• Install python runtime by selecting "Scripts" –> "Manage" –> "Install Python Runtime".
  • Enable the Python API under "Preferences" –> "General" –> "Magic"

zsh

Change shell to zsh. I'll just use the zsh shipped with the OS.

chsh -s /bin/zsh $USER

Install my dotfiles (relevant only to me)

cd ~
git clone git@bitbucket.org:nhoffman/dotfiles.git
~/dotfiles/mac/install.py

python

My version of Big Sur provided Python 2.7.16 and 3.9.5. My most recent evolution of managing python interpreters is to use pyenv. See https://realpython.com/intro-to-pyenv/

brew install zlib
brew install pyenv
brew install pyenv-virtualenv

Install pyenv-update plugin:

git clone https://github.com/pyenv/pyenv-update.git $(pyenv root)/plugins/pyenv-update

added dotfiles/mac/zsh/pyenv.plugin.zsh

if [[ -d "$HOME/.pyenv" ]]; then
    # echo "using pyenv"
    export PYENV_ROOT="$HOME/.pyenv"
    export PATH="$PYENV_ROOT/bin:$PATH"
    eval "$(pyenv init --path)"
fi

Even though the OS version of python3 (3.9.5) is up to date, also install this version via pyenv to avoid installing packages to create a strict a separation from the system version as possible.

pyenv install -v 3.9.5
pyenv global 3.9.5
pip3 install -U pip wheel

Install 3.8.8 for projects expecting python 3.8

pyenv install -v 3.8.8

emacs

Install latest emacs binary from http://emacsformacosx.com/

Emacs needs a few homebrew packages

brew install libressl
brew install aspell
brew install gpg

Check out my .emacs.d and run setup scripts.

cd ~
git clone git@github.com:nhoffman/emacs-config.git .emacs.d

Run setup scripts:

cd ~/.emacs.d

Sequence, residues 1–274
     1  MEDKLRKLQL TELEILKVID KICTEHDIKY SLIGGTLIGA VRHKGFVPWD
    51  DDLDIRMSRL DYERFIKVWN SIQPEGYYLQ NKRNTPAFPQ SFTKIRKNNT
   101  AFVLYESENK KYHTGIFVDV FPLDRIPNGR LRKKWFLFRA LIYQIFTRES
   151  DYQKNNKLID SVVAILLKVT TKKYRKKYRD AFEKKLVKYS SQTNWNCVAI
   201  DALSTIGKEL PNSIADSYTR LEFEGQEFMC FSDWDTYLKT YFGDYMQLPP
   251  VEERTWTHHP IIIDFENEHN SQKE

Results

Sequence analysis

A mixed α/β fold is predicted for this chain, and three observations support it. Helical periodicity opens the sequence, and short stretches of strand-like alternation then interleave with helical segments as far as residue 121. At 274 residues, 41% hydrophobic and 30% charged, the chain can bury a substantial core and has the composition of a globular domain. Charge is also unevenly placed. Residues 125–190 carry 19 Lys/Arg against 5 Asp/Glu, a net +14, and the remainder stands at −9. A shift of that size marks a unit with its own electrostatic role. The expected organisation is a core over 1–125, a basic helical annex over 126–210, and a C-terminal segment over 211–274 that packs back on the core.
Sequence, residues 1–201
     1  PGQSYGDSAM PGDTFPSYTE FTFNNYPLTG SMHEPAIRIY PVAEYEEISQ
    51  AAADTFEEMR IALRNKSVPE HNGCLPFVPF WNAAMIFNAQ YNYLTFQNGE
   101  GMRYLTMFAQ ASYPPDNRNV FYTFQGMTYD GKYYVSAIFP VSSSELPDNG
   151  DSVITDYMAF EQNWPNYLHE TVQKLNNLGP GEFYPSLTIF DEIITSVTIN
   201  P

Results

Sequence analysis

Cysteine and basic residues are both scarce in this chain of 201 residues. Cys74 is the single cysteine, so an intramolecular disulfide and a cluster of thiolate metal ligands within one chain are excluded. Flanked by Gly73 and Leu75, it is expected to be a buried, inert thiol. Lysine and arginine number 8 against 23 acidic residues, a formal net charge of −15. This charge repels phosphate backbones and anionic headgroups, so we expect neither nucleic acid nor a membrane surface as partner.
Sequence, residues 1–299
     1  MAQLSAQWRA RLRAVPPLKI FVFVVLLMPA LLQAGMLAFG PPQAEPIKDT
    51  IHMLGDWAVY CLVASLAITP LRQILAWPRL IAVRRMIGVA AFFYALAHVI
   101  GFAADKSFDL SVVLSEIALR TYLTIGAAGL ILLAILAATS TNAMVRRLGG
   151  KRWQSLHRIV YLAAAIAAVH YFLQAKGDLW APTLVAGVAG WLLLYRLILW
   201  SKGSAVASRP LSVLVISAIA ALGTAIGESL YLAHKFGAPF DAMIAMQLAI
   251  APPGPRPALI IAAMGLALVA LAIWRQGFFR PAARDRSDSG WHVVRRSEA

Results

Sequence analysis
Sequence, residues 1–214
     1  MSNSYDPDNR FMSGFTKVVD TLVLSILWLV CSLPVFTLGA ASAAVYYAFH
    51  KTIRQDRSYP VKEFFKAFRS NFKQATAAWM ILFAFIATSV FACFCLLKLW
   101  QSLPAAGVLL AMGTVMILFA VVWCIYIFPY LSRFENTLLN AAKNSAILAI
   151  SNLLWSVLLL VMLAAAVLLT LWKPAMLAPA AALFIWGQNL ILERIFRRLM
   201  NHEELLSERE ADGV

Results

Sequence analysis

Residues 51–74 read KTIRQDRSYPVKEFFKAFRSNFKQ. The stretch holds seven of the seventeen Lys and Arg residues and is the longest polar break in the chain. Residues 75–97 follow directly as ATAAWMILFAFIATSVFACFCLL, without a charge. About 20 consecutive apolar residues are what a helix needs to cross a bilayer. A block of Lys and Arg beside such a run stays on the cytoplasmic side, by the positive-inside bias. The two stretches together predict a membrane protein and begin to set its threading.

bin/python-setup.sh

R

I had to give up on installing R with homebrew because it seemed to result in an interpreter that always wanted to install packages from source. So I used the binary from https://cran.r-project.org/bin/macosx/

Some packages that I know I'll need:

R --slave << EOF
packages <- c("lattice", "RSQLite", "latticeExtra", "argparse", "data.table", "tidyverse")
install.packages(packages, repos="http://cran.fhcrc.org/", dependencies=TRUE, clean=TRUE, Ncpus=4)
EOF

Wow, this takes a long time!

Also:

brew install --cask rstudio

postgresql

Install from https://postgresapp.com/downloads.html

This installs multiple versions of postgres. You'll need to add the path to the CLI for the version you want to use to your PATH, eg:

export PATH=/Applications/Postgres.app/Contents/Versions/9.6/bin:$PATH

Comments

Clean install of MacOS Catalina

Sat 11 April 2020 — Filed under notes; tags: mac read more

Clean install of MacOS Mojave

Fri 15 February 2019 — Filed under notes; tags: mac read more

Clean install of MacOS High Sierra

Fri 17 November 2017 — Filed under notes; tags: mac read more

Using recursive CTEs for calculating taxonomic lineages

Fri 07 July 2017 — Filed under sql; tags: postgresql, taxonomy read more

This topic falls into the category of "things that I didn't know that I didn't know." Many of my projects involve the manipulation of taxonomies, particularly the NCBI taxonomy, but I didn't understand the efficiency with which it was possible to calculate a lineage in SQL. I recently revisited the …

Setting up a new Mac (Sierra)

Thu 05 January 2017 — Filed under notes; tags: mac read more

Setup after clean install of El Capitan

Mon 02 November 2015 — Filed under notes; tags: mac read more

Setup for VirtualBox VM running Ubuntu 14.04 on OS X Mavericks

Fri 06 February 2015 — Filed under notes; tags: linux, mac, virtualbox read more

Here are my notes for setting up an Ubuntu VM to work on some web applications. This is intended to be a sandbox for development, so I'll err on the side of convenience (at …

Hold the pie

Thu 30 October 2014 — Filed under visualization; tags: laboratory read more

I came across this visualization1 of a very simple data set, and it took me a few minutes to fully understand what makes it so… suboptimal.

why_pie.png

  • Ok, first of all, it's a pie chart.
  • The labels are separated from the corresponding values.
  • The grey scale color map doesn't distinguish …

Compiling bcl2fastq v2.15 on Ubuntu 12.04 and 14.04

Wed 27 August 2014 — Filed under notes; tags: linux read more

Illumina provides a program for demultiplexing sequencing output called bcl2fastq. They get a gold star for releasing the source - the downside is that they release binaries only for RHEL/CentOS, and no build instructions for Ubuntu. So …